So far this year, 93 North Dakota residents have reported losses of more than $2 million dollars. So what are banks doing to protect their customers from ever-evolving scams?
Starion Bank Chief Risk Officer Ryan McKay says, “Here at the bank and on a national level, on a regional level. Those fraudsters are always trying to scam especially those are more vulnerable.”
McKay says there has been an increase of reported scams for their bank, and says the most important thing they can do is educate their customers about scams and make sure to communicate any red flags they might see.
“We take pride getting to know our customers, and that way we know what type of transactions are typical for them and if something were to be unusual it raises a red flag for us,” says McKay. “So then we begin to ask questions to that customer just we can make sure they are comfortable with that transaction and make them aware if we have seen a fraud case that is similar.”
While it might seem that the elderly fall victim most of the time, it can happen to anyone. And banks can only do so much for their customers.
“If I were to take and wire funds from my account to a fraudulent person, those funds are gone from my account they are gone, and the customer would be out those funds,” says McKay.
However, if you are using payment methods other than cash, such as a debit or credit card, most banks have consumer protections that can refund your stolen money. It is very hard for police departments to solve these phone scams because of fake numbers and very few ways to get information, but the Bismarck Police Department tells KX the number one red flag to look out for.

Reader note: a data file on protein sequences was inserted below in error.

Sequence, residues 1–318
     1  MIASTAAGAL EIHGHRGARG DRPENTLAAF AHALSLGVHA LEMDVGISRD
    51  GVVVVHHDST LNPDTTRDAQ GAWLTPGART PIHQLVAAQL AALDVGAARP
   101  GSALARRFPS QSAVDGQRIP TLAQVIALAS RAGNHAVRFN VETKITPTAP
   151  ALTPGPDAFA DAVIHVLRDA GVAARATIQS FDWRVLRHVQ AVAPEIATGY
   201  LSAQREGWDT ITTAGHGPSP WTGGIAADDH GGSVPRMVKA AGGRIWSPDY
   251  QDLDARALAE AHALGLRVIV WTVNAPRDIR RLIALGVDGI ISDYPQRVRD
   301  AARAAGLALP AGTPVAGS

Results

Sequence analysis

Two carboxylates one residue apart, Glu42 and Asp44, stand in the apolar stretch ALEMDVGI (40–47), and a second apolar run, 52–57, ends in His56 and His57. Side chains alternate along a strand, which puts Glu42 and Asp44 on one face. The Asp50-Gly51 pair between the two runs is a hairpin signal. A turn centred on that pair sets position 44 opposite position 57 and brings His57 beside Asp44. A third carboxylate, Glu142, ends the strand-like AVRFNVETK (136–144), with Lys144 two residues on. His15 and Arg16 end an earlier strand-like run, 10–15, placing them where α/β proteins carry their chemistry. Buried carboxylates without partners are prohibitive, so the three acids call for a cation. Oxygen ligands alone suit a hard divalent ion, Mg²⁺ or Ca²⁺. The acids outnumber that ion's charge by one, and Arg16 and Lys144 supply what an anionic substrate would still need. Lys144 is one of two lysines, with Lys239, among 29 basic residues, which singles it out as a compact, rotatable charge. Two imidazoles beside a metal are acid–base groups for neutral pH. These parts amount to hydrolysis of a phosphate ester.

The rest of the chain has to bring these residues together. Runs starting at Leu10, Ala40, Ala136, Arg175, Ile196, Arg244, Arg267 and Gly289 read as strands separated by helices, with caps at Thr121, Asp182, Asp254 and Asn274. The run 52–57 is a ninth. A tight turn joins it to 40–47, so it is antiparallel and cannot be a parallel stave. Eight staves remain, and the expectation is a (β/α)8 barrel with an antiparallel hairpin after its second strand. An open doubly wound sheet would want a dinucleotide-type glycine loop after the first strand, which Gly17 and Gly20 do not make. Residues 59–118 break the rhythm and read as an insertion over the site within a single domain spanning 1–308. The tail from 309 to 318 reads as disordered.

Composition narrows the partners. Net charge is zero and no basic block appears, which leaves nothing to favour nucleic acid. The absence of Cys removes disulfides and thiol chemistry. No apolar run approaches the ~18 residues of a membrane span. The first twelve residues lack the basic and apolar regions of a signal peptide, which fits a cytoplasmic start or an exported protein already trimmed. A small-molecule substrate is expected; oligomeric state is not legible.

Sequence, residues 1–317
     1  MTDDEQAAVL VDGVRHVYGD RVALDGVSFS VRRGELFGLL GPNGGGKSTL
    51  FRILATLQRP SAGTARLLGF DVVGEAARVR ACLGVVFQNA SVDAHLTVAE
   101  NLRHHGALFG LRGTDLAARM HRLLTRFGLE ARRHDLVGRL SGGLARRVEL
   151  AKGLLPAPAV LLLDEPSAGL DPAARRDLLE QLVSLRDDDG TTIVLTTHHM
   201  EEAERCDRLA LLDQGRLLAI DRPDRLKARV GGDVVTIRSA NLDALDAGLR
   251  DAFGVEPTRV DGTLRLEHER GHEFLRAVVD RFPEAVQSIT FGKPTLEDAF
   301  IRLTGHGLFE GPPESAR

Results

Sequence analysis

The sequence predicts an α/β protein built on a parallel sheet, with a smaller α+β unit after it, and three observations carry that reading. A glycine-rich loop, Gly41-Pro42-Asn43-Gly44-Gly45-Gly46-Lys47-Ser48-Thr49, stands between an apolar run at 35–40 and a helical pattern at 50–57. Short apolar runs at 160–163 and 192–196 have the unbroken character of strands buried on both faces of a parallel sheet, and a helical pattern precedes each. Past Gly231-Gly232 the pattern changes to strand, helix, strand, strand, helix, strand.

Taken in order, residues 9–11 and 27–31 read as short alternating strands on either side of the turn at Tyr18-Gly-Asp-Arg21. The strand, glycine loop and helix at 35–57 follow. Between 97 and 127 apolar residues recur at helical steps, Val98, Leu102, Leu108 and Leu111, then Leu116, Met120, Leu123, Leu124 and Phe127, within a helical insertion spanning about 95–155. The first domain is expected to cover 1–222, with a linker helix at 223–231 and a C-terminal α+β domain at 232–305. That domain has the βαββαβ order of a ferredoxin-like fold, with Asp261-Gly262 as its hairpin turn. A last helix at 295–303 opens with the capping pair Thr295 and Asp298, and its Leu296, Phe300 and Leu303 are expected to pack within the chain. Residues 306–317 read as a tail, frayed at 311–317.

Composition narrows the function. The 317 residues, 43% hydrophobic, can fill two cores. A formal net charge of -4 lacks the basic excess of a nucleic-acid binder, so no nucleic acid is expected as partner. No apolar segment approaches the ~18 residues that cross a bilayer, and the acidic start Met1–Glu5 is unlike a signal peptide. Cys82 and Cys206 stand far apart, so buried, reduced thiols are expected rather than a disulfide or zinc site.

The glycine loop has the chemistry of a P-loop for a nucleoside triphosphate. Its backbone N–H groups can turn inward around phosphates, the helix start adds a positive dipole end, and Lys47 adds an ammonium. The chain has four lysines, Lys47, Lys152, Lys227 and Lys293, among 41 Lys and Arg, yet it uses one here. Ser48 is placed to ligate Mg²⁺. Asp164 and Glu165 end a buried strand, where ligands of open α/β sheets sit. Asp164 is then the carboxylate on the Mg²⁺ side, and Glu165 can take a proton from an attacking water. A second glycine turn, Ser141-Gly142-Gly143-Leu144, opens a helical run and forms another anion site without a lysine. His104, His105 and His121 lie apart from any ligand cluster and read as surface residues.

Lt. Luke Gardiner with the Bismarck Police Department says, “When they start asking you to start sending money via gift card to a store like Walmart or Best Buy, or Target or something like that, more than likely it is a scam, because what are they doing with that money? You can only use a Best Buy gift card at Best Buy.”
KX did reach out to the Mandan and Minot Police Departments and they haven’t had any recent reports. Minot PD says there is a new twist on the IRS scam they recently found out. A fake IRS agent will call and then someone pretending to be a federal officer will be on the phone saying they will arrest you if you don’t send them money.
The Bismarck Police Department is on high alert, and encourages people to call 701-223-1212 with any questions or information regarding scams. Starion says to never be afraid to reach out to your bank for any help as well.
Scams reported in North Dakota in 2019:
- Social Security Administration or the IRS scams: 7 reported instances
- Government Grant Scam: 7 reported instances and over $60-thousand in losses
- Computer Tech Scam: 16 reported instances and $130-thousand in losses
- Grandparent Scam: 2 elderly North Dakotans lost $140-thousand
- Lottery and Sweepstakes Win Scam: 14 people fell victim totaling over $200-thousand
- Romance Scam: 16 people fell victim adding up to $1.3 million.
While many of the victims were over the age of 65, the second most-scammed age group were 18-24-year-olds. For more information, click here.